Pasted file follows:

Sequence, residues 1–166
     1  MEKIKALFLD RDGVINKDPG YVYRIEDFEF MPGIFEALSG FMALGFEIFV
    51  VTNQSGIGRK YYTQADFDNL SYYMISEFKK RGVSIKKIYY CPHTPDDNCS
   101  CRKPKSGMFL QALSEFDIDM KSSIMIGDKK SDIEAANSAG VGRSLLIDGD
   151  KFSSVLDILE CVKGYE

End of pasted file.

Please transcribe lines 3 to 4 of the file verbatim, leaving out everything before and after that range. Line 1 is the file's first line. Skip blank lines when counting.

    51  VTNQSGIGRK YYTQADFDNL SYYMISEFKK RGVSIKKIYY CPHTPDDNCS
   101  CRKPKSGMFL QALSEFDIDM KSSIMIGDKK SDIEAANSAG VGRSLLIDGD